Trenching and Boring Services in Melbourne: Why Soil Classification is Important?

February 15, 2019

Cohesive soil types cling together when they're excavated. Gritty soil falls apart and trickles back into a trench. That's just part of the challenge when it comes to working with different ground types. That's why, as a trenching and boring service scrapes away the first layer of sod, the project foreman doesn't just blindly roll the dice. There's no guesswork here, no impromptu excavation work employed.

Feasibility Studies: Soil Classification

The ground in a stated region, and we're using Melbourne as our project base, is a living thing. It has character, properties that vary. Known collectively as soil classification profiles, what others see as dirt is composed of layers of loam and clay. Sticky boundaries hold trace amounts of water and root networks. The earthy stuff is easy to dig or hard to extract, perhaps because of a rocky intermix. It comes out of a trench in large chunks or breaks apart in nasty spills. And here, at that last sentence, is the problem. For trenching services, we don't want varying soil stiffness issues to threaten the structural integrity of an excavated trench or borehole.

Melburne-Based Soil Profiles

Up in the hills, in and around Silvan and Chirnside Park, solid chunks of red loam lift easily out of a trench. Clay-laced brown loam spreads far and wide below the grass and dirt in lower Mornington Peninsula. Elsewhere, there are gritty deposits of loose sand and "coffee rock," which crumbles in unpredictable ways when it's dry. There are basalts and loose rock, sand and clay, and friable particles of dark-brown dirt. All-in-all, the ground structure below the city of Melbourne varies wildly. There's just no way can an excavating session be implemented, not until the soil classification work is done. A blind dig is not an option, and it won't be until those structurally different soils are identified.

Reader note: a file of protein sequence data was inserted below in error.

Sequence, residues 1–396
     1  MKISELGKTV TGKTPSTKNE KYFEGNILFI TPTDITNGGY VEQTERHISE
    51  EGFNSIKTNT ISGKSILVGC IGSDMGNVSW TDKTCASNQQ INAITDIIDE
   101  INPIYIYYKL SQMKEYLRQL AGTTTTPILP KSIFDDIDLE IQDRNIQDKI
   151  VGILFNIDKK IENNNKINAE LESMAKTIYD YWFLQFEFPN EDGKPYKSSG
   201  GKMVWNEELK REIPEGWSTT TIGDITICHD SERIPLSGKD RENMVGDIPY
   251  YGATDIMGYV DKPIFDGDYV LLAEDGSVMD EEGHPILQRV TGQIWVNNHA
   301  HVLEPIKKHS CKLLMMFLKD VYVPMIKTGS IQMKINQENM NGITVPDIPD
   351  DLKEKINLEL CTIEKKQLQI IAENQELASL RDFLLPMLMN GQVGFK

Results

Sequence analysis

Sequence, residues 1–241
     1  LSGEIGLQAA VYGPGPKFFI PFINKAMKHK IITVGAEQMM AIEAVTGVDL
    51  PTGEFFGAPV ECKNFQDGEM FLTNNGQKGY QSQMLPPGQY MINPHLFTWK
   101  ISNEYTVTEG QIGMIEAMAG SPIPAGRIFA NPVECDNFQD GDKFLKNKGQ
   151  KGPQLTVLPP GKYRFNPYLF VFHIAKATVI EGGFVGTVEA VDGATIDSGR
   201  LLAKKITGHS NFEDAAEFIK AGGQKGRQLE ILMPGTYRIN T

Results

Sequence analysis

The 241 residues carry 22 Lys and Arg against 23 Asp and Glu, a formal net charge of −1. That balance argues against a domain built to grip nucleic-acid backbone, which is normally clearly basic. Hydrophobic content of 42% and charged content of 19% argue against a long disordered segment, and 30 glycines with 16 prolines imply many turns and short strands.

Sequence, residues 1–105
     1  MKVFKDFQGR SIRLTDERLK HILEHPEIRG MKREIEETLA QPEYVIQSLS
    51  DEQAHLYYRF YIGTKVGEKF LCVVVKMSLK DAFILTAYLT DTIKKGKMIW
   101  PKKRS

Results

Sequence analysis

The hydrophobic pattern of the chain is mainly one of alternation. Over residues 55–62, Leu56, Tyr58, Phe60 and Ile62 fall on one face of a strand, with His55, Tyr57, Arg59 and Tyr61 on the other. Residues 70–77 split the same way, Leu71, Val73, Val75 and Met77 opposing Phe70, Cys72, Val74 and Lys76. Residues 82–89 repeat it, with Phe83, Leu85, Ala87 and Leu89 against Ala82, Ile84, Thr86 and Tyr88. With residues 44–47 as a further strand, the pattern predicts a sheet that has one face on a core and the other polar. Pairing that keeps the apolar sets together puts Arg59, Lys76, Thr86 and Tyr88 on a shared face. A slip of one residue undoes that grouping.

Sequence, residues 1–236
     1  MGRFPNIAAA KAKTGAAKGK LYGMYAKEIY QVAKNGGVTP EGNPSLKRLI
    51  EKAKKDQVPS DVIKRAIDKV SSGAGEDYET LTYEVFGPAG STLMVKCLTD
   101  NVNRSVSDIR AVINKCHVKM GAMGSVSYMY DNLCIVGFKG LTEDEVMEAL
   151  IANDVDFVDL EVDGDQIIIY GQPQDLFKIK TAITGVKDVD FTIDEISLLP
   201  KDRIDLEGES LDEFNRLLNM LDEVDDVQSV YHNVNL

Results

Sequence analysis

The Trenching Service Takes Control

There are soil classification databases available in many nations. If this resource isn't at-hand, a competent person can take a ground sample and have it analyzed. The soil profile is identified, and the excavation process alters course. Taking control of the operation, water hoses soak friable and sandy patches. Low water retention areas solidify, a borehole goes in smoothly, and the work proceeds uninterrupted.

And why is all of this effort so important? Someone working in a Melbourne garden isn't likely to apply so much effort, right? That's true, but boreholes sink deep underground. They can collapse. Likewise, trenches will collapse if their dirt walls are too sandy and loose. By addressing soil classification matters, a trenching service takes control of the structural characteristics of a borehole or trench. In doing so, dangerous subsidence issues are safely mitigated.

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